Thursday, December 20, 2018

From The Archives - Ataribox Ramble Script... Or Some Of It.

Note: The following is a partial write-up for a DTM Rambles that I was going to do on the Ataribox campaign. For some reason, that video never came to be and everything has been quiet on the Ataribox front, so I figure... "Fuck it. Just put what I have up here and be done with it."

Maybe if something comes of this Ataribox project that's worth talking about, I might revisit it. For now, I offer a sample of what could've been... or never was... or something.

They said that Ataribox was going to be another Ouya. They said there was no chance of Ataribox succeeding. Well, they were only proven half-wrong. Ataribox didn't even make Ouya numbers... and as for the other half, that remains to be seen.

This past June, Ataribox (or Atari VCS, as it's called now I suppose) launched its much-hyped Indiegogo campaign and scored a cool $2 million on its first day. And with the sudden explosion of interested marks deciding to invest in a product that doesn't even have a working prototype but lots of nostalgic value, I figured it would be a matter of time before this thing reached Ouya numbers. And to be honest, I was waiting for the day that Ataribox would break the three million mark where I would then come up with a little joke video suggesting some stretch goals upon reaching further millions of dollars, such as new paddle controllers and perhaps even a remake of E.T. that was more comprehensible... but in the four weeks that the campaign was active, they only acheived $2.9 million something and it only took a couple weeks later for the number to eventually inch its way towards $3 million, which it was able to reach last Tuesday.

The fact that this campaign got a huge start on its first day didn't surprise me. Even though there have been interviews and press releases that didn't really do a good job of selling Ataribox to the masses, the fact that this was an Atari-branded device was more than enough of a push for some people to take the plunge for better or worse. And let's be honest here; the only reason this thing got any press is because it's got that Atari branding and it has a casing that harkens back to a console that many people have some nostalgia for. And if it didn't have those things, no one would've cared. It would've been another product that we've seen dozens of times before travelling the road that's been traveled by those who have tried, fizzled, and faded away.

But I was surprised by how poorly it did, because I expected this to do better especially after that strong first day start. This thing made close to three million dollars, with only a nostalgic brand that has and vague promises of connecting the present with the past or some other hyperbole. In comparison, the Ouya, a relatively new system several years who were selling units for almost a hundred bucks a pop and no name recognition, scored close to eight point five million. So my standards, I guess, were way too high. I expected Ataribox to do better than they did and they proved me wrong by not even coming close to reaching those numbers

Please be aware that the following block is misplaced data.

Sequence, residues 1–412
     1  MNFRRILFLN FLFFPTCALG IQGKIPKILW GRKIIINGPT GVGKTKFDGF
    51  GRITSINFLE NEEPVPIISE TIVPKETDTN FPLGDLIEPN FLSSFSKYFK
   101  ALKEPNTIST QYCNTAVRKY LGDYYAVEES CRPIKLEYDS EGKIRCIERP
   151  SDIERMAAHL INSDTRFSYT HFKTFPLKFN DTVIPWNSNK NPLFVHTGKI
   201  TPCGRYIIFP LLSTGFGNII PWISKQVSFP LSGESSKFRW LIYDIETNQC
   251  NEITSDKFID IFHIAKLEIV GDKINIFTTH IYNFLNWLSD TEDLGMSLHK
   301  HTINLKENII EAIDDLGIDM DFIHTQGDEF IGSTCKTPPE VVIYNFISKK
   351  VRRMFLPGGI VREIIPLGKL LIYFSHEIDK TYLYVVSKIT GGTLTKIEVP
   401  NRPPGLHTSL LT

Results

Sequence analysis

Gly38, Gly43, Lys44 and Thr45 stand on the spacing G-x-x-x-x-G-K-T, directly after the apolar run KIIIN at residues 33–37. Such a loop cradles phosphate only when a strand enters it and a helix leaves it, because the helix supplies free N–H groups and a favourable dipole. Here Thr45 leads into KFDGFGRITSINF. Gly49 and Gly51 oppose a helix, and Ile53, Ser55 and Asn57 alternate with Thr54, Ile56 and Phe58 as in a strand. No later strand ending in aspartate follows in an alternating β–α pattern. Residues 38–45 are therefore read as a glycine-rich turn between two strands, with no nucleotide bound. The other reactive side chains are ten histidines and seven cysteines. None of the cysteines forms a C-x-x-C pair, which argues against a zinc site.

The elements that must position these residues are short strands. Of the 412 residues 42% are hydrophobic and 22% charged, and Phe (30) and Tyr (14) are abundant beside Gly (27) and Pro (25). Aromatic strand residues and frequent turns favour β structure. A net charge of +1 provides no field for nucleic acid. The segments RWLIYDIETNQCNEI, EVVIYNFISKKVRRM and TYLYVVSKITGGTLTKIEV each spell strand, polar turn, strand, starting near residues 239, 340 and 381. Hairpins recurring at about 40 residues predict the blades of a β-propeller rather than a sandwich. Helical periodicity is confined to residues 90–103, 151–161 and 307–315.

For the record, I didn't back this Ataribox thing. Nothing I heard about this thing - whether it was preliminary information given last year or early this year or even the mockup videos where they showcased games that may or may not have been played on said Ataribox - nothing I've seen, heard, or read had enticed me to fork over money for what was and is presently vaporware... because there is no hardware for them to show off. Nothing to show me what this system was capable of because it hasn't been built; only vague promises of a new Linux-based computer system where you can play old Atari games along with some more modern indy titles that I could already play on my perfectly functional PC, along with a bunch of other features that they promised could be done on this system that I can also presently do on a bunch of devices I currently own at this very moment.

Nothing truly remarkable or even interesting that makes it worth a damn... just as an aside, the last "current" console that I bought was a Wii back in 2008 and since then, the only other current system that seems interesting and worth picking up is the Switch. So if I wasn't sold on the more heavy-duty Xbox One and PS4 video game systems and am more than happy to relegate my modern gaming fix on my Windows-based computer, an Atari-branded lower-to-mid-level Steam Machine like device (with seemingly no physical media to be found anywhere) is going to be an even harder sell for me.

Regardless, Atari SA has its money, and so they should be able to produce the systems and ship them out to stores by next year... assuming it happens. Just because the campaign was a success doesn't mean it's a sure thing. Atari needs to build a product, it needs to ship said product, and then even after shipping product over to the people who invested in this campaign, they still have to try and convince people to pick this up through a store or online or whatever the case may be, so that they can sell more of these things and get the ball rolling, as it were. And even if Atari does deliver a product, there's no guarantee that it's going to be exactly what was pitched the first time around.

Now, some of you are probably thinking, "They've got a whole year." Well, a lot can happen in a year.

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